First-class history, and a fascinating exposition of forensic science.

BEETHOVEN’S HAIR

AN EXTRAORDINARY HISTORICAL ODYSSEY AND A MUSICAL MYSTERY SOLVED

An engrossing tale of an odd subject—a chance snipping of Beethoven’s hair and its perilous journey into the 21st century.

In 1827, on his deathbed, Ludwig van Beethoven was visited by his friend, the composer Johann Nepomuk Hummel. In tow was Hummel’s talented 15-year-old pupil, Ferdinand Hiller, who was, not surprisingly, thrilled to be presented to the musical genius. On a subsequent visit some days later the two found the great man dead. The awestruck Hiller asked and received permission from Hummel to clip a lock of the deceased’s hair, a common practice in those days. Hiller, the son of a well-off Jewish merchant who had converted to Christianity, became a competent, but now mostly forgotten, composer. He had the lock framed and treasured it the rest of his life, presenting it to his son Paul shortly before his death in 1885. From that point on, the history of the lock remained murky until a few years ago, when it ended up in the joint possession of two Arizonans with the unlikely names of Ira Brilliant and Alfredo (“Che”) Guevara. In this quirky but enjoyable work, Martin (Out of Silence, not reviewed) sifts through the evidence he has unearthed and provides a highly entertaining and believable account of what happened to the lock during those missing years—amounting to a thumbnail biography of Beethoven that is eventually overshadowed by an account of the Third Reich’s persecution of the Jews. While some might object to this as gimmickry, Martin pulls it off, owing to his solid research and respect for the reader. While obviously enthusiastic, he never goes over the top. He suggests answers to numerous riddles, but he does not insist on their solutions, letting the reader decide. When, toward the end of the book, the author writes of DNA tests on the hair that reveal new answers to the causes of Beethoven’s deafness and death, even the skeptic will share his enthusiasm for this peculiar subject.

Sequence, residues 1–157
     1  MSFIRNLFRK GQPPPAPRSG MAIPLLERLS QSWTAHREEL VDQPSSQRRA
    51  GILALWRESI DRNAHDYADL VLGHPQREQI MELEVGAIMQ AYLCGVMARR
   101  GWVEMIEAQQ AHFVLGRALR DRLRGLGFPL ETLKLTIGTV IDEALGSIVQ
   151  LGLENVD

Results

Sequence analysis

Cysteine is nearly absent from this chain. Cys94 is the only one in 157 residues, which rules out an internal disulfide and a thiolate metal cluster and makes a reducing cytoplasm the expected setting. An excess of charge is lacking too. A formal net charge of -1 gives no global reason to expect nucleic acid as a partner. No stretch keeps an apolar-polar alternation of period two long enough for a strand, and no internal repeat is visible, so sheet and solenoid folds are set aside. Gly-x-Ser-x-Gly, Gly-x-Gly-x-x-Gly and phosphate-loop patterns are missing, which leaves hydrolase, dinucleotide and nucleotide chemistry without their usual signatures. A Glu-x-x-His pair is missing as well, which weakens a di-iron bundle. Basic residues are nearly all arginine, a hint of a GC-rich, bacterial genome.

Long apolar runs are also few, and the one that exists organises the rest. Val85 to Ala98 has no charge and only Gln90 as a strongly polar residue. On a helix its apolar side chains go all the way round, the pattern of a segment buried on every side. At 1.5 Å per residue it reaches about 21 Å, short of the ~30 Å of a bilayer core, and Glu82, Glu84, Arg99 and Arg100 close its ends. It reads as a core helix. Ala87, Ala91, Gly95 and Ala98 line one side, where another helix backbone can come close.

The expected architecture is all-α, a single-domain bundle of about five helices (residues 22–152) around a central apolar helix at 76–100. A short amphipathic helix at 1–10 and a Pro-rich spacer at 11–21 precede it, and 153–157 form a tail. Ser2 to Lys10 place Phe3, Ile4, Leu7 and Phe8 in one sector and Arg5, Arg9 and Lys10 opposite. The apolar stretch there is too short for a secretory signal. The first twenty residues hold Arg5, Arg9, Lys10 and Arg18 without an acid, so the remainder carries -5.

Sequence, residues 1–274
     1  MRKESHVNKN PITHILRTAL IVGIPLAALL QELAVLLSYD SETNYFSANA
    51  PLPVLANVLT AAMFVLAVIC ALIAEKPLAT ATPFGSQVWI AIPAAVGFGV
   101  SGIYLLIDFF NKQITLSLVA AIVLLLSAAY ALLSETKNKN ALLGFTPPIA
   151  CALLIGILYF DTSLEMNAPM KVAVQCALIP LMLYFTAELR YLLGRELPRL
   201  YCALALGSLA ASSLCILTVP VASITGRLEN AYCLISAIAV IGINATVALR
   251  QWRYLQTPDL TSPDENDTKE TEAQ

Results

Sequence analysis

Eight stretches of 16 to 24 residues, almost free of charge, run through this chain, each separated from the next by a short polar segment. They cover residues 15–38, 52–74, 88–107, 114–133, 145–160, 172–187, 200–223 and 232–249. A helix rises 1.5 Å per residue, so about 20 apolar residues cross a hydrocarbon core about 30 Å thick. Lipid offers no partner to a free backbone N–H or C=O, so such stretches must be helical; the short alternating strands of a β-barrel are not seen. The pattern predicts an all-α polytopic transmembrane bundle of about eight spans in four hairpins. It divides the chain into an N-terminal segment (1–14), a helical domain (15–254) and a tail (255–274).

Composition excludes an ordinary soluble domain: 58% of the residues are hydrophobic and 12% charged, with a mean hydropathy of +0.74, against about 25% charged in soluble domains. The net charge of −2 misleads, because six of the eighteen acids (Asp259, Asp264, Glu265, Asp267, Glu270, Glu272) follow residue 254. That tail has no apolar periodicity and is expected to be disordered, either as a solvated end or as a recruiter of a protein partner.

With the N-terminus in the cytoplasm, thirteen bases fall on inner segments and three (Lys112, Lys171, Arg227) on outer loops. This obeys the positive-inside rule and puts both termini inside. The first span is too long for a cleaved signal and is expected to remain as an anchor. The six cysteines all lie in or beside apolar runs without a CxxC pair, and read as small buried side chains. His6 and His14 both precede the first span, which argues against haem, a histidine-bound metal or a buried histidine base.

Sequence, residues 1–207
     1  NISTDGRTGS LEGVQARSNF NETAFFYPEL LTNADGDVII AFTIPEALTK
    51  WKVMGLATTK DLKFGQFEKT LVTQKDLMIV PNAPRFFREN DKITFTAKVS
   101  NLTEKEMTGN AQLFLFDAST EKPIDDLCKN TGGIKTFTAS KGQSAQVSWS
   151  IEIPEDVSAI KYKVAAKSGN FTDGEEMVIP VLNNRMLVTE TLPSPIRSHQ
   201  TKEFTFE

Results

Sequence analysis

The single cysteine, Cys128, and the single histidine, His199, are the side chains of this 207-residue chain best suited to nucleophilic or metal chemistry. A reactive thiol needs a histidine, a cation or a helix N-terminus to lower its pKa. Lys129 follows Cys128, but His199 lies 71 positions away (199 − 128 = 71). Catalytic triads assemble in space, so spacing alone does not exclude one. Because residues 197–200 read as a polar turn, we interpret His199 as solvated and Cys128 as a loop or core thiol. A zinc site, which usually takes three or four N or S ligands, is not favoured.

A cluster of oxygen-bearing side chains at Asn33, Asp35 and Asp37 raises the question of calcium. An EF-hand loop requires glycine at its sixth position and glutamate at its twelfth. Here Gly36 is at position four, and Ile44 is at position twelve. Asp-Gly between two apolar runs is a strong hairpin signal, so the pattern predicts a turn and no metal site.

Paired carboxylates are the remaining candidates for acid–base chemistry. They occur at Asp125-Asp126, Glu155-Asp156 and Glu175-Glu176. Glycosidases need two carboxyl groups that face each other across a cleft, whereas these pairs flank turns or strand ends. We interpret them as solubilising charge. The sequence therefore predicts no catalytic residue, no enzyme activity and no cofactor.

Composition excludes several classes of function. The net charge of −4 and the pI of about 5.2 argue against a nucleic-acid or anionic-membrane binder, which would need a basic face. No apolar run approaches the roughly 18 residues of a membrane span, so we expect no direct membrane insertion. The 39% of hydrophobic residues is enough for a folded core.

First-class history, and a fascinating exposition of forensic science.

Pub Date: Oct. 17, 2000

ISBN: 0-7679-0350-1

Page Count: 256

Publisher: Broadway

Review Posted Online: May 20, 2010

Kirkus Reviews Issue: Aug. 15, 2000

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Stricter than, say, Bergen Evans or W3 ("disinterested" means impartial — period), Strunk is in the last analysis...

THE ELEMENTS OF STYLE

50TH ANNIVERSARY EDITION

Privately published by Strunk of Cornell in 1918 and revised by his student E. B. White in 1959, that "little book" is back again with more White updatings.

Stricter than, say, Bergen Evans or W3 ("disinterested" means impartial — period), Strunk is in the last analysis (whoops — "A bankrupt expression") a unique guide (which means "without like or equal").

Pub Date: May 15, 1972

ISBN: 0205632645

Page Count: 105

Publisher: Macmillan

Review Posted Online: Oct. 28, 2011

Kirkus Reviews Issue: May 1, 1972

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MARTIN LUTHER KING, JR. AND THE MARCH ON WASHINGTON

This early reader is an excellent introduction to the March on Washington in 1963 and the important role in the march played by Martin Luther King Jr. Ruffin gives the book a good, dramatic start: “August 28, 1963. It is a hot summer day in Washington, D.C. More than 250,00 people are pouring into the city.” They have come to protest the treatment of African-Americans here in the US. With stirring original artwork mixed with photographs of the events (and the segregationist policies in the South, such as separate drinking fountains and entrances to public buildings), Ruffin writes of how an end to slavery didn’t mark true equality and that these rights had to be fought for—through marches and sit-ins and words, particularly those of Dr. King, and particularly on that fateful day in Washington. Within a year the Civil Rights Act of 1964 had been passed: “It does not change everything. But it is a beginning.” Lots of visual cues will help new readers through the fairly simple text, but it is the power of the story that will keep them turning the pages. (Easy reader. 6-8)

Pub Date: Jan. 1, 2001

ISBN: 0-448-42421-5

Page Count: 48

Publisher: Grosset & Dunlap

Review Posted Online: May 20, 2010

Kirkus Reviews Issue: Dec. 1, 2000

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